Newton Superintendent Responds to Concerns About High School History Curriculum
Fleishman also responded with an FAQ about the high schools' history curriculum.
Updated Dec. 10, 10:50 a.m.
After a group of residents brought forward concerns about certain materials in Newton high school history classes, Superintendent David Fleishman offered information last week on how the curriculum is handled in the city's high schools.
"There has been some public comment over the last year and talk about our history curriculum," Fleishman said. "We've [received] questions about our history curriculum from people who haven't been sitting in the audience."
The discussion started last year when a group of parents and residents brought forward concerns about an excerpt of the Arab World Studies Notebook that was handed out in a freshman history course at Newton South.
The material, the group said, was "anti-Semitic" and "propaganda" that should not be distributed to students in the Newton Public Schools. The specific excerpt that the group brought forward spoke about Israeli defense forces and their treatment of Arab women.
In November 2011, Fleishman informed the group that Newton South Principal Joel Stembridge and history teachers had reviewed the curriculum and decided to remove the Arab World Studies Notebook from the learning plan.
However, the group has continued to bring forward concerns about how the material got into the curriculum in the first place and what the Newton Public Schools does to review material for students.
"It's an error that needs to be addressed," Newton resident and political activist Charles Jacobs said at the Nov. 26, 2012 School Committee meeting. "We hope you investigate how this happened and tell the public what you find. It's the only right thing you can do."
The group also encouraged the school officials and residents to attend a forum held on Nov. 28 at Temple Emanuel to discuss middle east curriculum in public schools. The event, titled "The Middle East Conflict: Distorting the History of Israel in K-12 Curriculumin America," featured several panelists who spoke on the subject of bias and historical inaccuracies in public school textbooks and supplemental materials. [Updated Dec. 10, 2012]
As a response to the questions and concerns, Fleishman issued the following statement during last week's School Committee meeting. He also included an FAQ on the history curriculum in the high schools:
Overview of Newton’s High School Curriculum From David Fleishman, Superintendent of Schools
The Newton Public Schools value openness and critical thinking. One of the gifts we give our students is the opportunity to carefully listen to and debate different perspectives. Our children hear opinions and, especially now in the internet age, they are exposed to a multitude of viewpoints. As a result, teaching critical thinking is an increasingly important skill. We can present a range of perspectives, including those that are not widely accepted, and challenge students to examine evidence, debate the issues, and articulate their thoughts. In this way, students gain skills to assess the quality of an argument and the claims that are made.
With regard to the history curriculum in particular, our mission statement calls for students to “appreciate the historical and cultural influences that shape their individual identities, our national identity, and the cultures and countries that share our planet,” and to “learn to assess and interpret evidence, to understand change over time, to think logically and express themselves clearly.” While much of our material is factual, we also present a range of opinions and perspectives. Our educators work to ensure that students understand when they are receiving a point of view, as opposed to a proven fact. We do not teach students that they should agree with every perspective and point of view they encounter in our classrooms; we are focused on teaching students how to think, rather than what to think.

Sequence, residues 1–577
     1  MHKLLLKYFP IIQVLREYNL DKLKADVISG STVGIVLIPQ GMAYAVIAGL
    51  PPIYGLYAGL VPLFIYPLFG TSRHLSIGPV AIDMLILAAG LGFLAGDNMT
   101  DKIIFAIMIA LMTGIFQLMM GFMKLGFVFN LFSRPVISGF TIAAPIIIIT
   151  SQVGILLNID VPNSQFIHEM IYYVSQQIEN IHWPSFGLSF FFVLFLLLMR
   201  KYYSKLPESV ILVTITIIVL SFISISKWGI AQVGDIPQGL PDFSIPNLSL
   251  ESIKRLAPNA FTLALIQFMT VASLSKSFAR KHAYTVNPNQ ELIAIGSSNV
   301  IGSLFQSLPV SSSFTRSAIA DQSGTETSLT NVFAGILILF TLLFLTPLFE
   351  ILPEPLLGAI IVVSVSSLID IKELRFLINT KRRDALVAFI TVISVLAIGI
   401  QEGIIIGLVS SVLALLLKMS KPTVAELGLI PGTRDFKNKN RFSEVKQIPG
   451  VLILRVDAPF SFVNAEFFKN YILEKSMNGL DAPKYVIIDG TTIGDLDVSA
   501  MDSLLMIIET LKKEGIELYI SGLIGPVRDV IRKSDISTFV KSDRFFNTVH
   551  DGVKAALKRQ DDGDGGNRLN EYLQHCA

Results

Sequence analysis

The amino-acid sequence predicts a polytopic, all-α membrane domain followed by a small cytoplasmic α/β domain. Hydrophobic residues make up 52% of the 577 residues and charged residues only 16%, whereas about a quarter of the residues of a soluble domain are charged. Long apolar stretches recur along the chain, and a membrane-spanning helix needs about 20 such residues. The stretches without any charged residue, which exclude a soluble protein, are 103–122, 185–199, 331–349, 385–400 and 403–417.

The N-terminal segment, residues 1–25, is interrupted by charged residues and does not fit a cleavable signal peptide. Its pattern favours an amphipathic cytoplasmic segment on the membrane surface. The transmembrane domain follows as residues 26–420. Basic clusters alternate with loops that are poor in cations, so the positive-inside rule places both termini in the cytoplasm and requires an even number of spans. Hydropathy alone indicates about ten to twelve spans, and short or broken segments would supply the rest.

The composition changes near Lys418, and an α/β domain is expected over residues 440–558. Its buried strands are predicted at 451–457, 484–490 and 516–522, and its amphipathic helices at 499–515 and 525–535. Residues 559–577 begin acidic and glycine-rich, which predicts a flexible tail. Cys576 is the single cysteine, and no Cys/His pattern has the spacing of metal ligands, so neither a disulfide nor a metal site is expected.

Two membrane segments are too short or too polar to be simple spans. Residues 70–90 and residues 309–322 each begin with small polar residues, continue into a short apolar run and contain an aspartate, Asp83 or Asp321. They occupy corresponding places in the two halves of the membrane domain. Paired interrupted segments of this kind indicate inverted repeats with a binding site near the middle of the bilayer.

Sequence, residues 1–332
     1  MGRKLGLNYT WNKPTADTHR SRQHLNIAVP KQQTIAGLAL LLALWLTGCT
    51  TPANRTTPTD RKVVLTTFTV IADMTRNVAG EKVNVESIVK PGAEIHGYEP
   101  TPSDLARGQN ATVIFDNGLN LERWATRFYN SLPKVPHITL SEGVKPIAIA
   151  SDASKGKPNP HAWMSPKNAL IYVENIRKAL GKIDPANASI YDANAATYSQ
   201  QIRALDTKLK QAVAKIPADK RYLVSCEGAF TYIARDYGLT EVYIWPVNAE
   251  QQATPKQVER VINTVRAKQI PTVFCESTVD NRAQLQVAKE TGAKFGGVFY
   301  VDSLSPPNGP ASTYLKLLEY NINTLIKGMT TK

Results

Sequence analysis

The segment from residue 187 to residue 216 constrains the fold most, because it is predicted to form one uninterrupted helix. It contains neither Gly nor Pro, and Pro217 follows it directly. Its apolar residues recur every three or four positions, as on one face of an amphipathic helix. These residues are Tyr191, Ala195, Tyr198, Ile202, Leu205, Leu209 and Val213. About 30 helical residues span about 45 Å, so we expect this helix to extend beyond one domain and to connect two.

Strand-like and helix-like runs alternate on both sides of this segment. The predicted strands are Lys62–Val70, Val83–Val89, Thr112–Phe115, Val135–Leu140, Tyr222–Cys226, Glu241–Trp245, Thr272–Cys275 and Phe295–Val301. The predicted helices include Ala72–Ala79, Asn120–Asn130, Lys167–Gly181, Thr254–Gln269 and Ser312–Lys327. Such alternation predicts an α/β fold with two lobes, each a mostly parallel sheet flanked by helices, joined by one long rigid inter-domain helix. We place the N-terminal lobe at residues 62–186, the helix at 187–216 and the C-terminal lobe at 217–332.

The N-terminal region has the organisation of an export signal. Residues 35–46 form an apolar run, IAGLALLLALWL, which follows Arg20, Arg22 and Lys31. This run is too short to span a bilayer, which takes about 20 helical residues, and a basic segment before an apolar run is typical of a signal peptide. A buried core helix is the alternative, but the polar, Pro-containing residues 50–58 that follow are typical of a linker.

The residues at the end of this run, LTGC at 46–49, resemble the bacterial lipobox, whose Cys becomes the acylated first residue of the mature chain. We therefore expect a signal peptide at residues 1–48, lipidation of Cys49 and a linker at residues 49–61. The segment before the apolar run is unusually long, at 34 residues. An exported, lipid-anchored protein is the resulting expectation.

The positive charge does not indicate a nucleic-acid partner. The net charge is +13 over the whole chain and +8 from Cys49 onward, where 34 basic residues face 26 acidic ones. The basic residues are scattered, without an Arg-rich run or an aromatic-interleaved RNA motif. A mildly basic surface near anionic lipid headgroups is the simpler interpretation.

The high school curriculum begins with a two-year world history sequence—ninth grade is a survey of World History, covering 300 C.E. to 1775 followed by tenth grade World History, 1775-Present. In eleventh grade the focus is on United States history, pre-civil war to contemporary times with particular attention to the changing role of American political institutions. Grade twelveoffers a variety of courses and electives on topics ranging from AP European History, to Comparative Governments, Psychology, Race, Class and Gender, and more.
The ninth grade history curriculum includes a survey of world history in which students begin their studies with the golden ages of empires in Europe, Asia, Africa, and the Americas and continue on to the dawning of the Industrial Age. The ninth grade history curriculum covers the historicalorigins and basic beliefs of major world religions, including Judaism, Christianity, Islam, Hinduism, and Buddhism. We strive to teach majority and mainstream interpretations of all the religions covered in the ninth grade course, recognizing that all religions have sects and adherents who differ in their interpretations of the faith. Our students learn the origins of each religion and the development of that religion over time; we teach religion from a historical rather than a theological point of view.
Correction [Dec. 10, 2012]: The event held at Temple Emanuel was presented by the Temple Emanuel Israel Action Committee and CJP and co-sponsored by the AJC Boston, Combined Israel Education Committee, Hadassah New England: Boston Chapter, Northern, Southern, and Western New England Regions, JCRC Boston and Prozdor High School of Hebrew College. It was not organized solely by the group who has spoken up at School Committee meetings.